Bystander Intervention in Bullying Incidents: A Misguided Experiment
A video has been making its rounds lately showing two young men engaged in a social experiment of sorts. The video shows one hounding, harassing, pushing, punching, and threatening the other because the target apparently failed to do the “bully’s” homework. The two play out this interaction over and over again directly in front of various people at various locations on a university campus, presumably to see who would intervene, and how. To their surprise, most of the onlookers simply ignore or walk away from the “incident.” They just seem to not want to get involved. The actors are critical of this and actually confront several of them afterwards to try to get an explanation. But, my question is: should we have expected anything different?
Many of those who’ve discussed the video on social media, or posted comments on the YouTube video itself, applaud the efforts of these two for apparently exposing a serious problem: people just don’t care. If people genuinely cared, it is reasoned, then they would intervene when they saw bullying happening and it would stop. But this perspective leaves me shaking my head and saying to myself “if only it were that easy.” I have mixed feelings about this little experiment and its potential consequences, and it seems valuable to discuss them here.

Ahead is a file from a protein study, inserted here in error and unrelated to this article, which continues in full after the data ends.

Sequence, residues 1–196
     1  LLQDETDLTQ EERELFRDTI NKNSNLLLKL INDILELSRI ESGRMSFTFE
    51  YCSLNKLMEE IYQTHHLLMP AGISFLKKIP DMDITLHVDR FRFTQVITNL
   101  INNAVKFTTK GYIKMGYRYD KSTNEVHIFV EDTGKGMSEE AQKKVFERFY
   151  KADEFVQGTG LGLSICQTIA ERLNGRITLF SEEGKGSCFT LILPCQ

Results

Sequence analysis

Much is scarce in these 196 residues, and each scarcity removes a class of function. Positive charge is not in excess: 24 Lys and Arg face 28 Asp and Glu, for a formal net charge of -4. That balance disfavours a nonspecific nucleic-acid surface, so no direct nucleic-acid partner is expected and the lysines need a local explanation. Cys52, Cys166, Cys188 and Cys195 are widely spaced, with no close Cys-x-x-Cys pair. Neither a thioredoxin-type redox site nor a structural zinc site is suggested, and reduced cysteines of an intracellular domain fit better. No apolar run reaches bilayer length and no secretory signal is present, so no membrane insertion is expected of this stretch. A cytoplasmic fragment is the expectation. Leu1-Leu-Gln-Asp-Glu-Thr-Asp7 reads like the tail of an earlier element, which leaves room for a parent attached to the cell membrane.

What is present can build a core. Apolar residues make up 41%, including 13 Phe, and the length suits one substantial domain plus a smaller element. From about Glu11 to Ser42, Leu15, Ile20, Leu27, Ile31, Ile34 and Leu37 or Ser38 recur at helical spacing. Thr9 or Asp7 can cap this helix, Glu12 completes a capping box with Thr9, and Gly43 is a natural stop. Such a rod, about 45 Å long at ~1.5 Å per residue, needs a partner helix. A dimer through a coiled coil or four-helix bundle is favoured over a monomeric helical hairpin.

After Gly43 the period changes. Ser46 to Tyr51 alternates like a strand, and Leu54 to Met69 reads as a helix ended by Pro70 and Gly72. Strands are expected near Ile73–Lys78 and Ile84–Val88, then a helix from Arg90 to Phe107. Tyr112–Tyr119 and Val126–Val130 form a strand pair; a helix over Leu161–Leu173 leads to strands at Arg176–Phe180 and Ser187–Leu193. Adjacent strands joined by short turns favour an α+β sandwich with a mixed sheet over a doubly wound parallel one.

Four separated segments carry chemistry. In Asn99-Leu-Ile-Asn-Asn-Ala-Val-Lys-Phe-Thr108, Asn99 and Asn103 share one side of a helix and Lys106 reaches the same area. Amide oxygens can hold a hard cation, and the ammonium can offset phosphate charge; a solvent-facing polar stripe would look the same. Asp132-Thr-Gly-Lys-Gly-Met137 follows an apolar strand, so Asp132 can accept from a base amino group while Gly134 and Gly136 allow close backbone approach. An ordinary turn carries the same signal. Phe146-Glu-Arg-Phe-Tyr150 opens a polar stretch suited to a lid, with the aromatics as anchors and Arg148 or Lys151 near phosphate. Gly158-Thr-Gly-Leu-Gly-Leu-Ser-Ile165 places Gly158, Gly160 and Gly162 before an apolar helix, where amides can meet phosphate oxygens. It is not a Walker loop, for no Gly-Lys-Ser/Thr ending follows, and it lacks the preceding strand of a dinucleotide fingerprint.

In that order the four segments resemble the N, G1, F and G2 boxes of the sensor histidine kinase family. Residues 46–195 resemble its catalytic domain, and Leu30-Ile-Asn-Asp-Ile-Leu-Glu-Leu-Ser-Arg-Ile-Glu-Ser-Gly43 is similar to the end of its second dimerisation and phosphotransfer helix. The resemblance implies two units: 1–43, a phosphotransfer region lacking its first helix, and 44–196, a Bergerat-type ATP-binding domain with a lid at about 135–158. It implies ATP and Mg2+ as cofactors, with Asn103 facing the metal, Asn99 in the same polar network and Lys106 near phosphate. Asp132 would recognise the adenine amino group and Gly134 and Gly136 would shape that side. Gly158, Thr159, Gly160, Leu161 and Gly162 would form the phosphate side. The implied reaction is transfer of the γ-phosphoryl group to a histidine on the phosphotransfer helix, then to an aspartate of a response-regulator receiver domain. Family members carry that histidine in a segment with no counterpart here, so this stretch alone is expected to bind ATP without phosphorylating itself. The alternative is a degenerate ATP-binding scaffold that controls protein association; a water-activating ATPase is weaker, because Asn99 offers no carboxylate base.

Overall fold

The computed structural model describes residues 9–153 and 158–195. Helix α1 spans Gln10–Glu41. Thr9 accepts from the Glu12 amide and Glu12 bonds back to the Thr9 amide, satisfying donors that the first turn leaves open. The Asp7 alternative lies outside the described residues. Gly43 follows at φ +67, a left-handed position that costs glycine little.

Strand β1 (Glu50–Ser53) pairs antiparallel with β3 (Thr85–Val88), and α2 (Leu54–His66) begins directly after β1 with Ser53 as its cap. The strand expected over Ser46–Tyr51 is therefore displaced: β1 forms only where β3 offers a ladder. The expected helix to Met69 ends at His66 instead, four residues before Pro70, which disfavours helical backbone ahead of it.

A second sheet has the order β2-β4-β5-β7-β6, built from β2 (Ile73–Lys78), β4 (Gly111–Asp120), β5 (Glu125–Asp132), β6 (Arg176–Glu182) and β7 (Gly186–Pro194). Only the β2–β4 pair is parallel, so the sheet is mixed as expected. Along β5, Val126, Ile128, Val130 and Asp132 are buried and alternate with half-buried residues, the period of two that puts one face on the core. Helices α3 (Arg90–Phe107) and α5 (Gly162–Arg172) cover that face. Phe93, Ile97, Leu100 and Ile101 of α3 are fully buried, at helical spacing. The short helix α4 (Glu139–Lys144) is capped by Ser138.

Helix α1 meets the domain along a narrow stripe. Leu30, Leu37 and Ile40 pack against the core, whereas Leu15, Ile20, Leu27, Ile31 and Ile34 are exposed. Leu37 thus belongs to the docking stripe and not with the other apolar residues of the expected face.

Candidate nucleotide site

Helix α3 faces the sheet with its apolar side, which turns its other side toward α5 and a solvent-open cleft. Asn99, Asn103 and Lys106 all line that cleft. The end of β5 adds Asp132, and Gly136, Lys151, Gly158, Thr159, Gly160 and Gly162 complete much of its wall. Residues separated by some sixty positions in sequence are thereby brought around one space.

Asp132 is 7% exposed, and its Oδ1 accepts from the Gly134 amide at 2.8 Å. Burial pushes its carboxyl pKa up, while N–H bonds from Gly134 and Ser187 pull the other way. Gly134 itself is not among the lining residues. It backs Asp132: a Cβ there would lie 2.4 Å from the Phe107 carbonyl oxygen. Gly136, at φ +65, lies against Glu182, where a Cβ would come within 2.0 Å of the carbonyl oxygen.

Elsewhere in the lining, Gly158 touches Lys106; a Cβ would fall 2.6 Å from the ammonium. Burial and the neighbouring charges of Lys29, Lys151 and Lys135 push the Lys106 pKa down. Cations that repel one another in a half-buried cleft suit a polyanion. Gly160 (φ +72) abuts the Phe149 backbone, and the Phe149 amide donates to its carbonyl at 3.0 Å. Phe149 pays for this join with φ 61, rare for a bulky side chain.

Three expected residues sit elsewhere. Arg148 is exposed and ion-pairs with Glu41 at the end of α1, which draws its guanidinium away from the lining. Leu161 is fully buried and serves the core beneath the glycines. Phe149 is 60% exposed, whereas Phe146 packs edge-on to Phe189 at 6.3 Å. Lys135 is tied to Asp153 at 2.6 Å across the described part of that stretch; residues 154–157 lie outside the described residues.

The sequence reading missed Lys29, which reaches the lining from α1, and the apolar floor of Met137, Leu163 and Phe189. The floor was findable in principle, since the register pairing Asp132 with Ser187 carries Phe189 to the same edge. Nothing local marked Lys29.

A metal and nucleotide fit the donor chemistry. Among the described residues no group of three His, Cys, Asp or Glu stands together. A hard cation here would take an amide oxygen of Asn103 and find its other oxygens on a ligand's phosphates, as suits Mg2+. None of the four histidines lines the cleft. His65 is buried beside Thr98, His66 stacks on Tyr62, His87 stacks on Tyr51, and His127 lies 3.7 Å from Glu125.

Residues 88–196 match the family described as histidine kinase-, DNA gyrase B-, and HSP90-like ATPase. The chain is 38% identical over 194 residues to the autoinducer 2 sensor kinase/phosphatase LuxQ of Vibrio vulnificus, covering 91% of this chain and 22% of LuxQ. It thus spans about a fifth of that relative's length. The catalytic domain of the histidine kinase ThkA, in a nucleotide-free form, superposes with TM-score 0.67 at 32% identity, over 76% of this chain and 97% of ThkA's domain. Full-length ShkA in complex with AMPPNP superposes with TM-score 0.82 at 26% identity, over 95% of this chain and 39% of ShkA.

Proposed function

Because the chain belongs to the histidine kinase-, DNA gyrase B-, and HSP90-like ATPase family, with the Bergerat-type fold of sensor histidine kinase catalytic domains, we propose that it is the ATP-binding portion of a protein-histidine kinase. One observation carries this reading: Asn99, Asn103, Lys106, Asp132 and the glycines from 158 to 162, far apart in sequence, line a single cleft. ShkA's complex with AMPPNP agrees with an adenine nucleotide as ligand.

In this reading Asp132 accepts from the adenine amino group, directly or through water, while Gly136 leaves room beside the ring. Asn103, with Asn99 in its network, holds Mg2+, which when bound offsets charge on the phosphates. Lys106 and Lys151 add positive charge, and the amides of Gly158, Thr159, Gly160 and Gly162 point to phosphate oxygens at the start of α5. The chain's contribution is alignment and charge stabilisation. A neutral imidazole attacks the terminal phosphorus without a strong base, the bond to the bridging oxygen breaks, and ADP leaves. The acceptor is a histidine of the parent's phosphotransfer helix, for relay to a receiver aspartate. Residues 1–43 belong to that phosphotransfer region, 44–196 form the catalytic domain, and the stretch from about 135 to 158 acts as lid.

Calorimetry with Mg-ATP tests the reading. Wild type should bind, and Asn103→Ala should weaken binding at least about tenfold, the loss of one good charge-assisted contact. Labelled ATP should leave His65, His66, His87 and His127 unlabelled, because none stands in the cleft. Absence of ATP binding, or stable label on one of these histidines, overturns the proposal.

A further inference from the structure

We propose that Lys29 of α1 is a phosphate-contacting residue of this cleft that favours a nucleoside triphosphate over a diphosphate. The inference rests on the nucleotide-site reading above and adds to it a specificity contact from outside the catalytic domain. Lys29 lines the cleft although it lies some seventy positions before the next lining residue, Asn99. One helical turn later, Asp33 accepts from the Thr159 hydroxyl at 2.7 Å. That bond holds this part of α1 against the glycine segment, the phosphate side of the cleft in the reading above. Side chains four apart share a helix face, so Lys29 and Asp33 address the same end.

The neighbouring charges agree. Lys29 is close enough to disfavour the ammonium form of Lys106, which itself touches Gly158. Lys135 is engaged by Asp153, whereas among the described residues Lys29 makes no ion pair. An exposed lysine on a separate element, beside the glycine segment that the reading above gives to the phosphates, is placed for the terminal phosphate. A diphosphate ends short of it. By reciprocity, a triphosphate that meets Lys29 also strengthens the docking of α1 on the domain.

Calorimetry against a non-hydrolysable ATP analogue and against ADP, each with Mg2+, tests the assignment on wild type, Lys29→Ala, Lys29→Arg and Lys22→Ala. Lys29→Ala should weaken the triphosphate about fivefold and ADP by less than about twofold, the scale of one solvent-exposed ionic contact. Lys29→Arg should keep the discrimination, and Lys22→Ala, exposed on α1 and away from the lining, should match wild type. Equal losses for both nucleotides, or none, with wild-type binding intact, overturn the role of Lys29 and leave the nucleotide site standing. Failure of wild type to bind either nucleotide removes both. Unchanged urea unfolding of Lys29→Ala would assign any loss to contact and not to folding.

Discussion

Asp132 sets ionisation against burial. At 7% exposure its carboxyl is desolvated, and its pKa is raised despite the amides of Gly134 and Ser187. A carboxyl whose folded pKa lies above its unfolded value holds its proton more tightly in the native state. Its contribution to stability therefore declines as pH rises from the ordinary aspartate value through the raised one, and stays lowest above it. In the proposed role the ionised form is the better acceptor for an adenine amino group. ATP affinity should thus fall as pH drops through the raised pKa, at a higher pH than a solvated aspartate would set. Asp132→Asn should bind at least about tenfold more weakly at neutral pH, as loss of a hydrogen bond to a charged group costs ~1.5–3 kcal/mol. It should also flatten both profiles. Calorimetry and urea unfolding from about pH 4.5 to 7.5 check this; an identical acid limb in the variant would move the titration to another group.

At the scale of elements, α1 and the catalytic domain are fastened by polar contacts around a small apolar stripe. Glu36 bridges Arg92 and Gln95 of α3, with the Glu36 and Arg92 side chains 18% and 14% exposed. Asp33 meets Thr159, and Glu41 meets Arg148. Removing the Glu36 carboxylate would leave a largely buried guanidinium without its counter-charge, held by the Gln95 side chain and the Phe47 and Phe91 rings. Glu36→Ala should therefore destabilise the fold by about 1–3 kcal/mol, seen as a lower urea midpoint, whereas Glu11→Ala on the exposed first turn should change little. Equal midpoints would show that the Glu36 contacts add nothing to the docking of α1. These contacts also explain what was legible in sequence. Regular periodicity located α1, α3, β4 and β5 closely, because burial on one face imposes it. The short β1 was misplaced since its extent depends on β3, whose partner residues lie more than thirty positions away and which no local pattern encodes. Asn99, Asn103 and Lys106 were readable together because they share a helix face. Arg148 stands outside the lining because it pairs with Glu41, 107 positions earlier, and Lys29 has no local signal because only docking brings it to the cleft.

Is This Experience Representative?
One of my concerns about this particular approach is that I don’t feel that the situation depicted is realistic. When it comes to bullying overall, there is a lot that happens that doesn’t look like what we see in the video. In fact, I would argue that this is the least likely of possibilities. What is portrayed is very stereotypical (you’ve got a physically more aggressive dude with a backwards hat pushing around a seemingly weaker and wimpier—and smarter?—target). Sure, some young people are bullied like this, but I doubt this scenario represents the norm. It’s true that bullying frequently happens right in front of us. But most often it is a lot more subtle than what is being portrayed in these scenes. It is unlikely, for example, that two strangers are just going to suddenly appear in front of you in the midst of such a blatant physical altercation like what we see.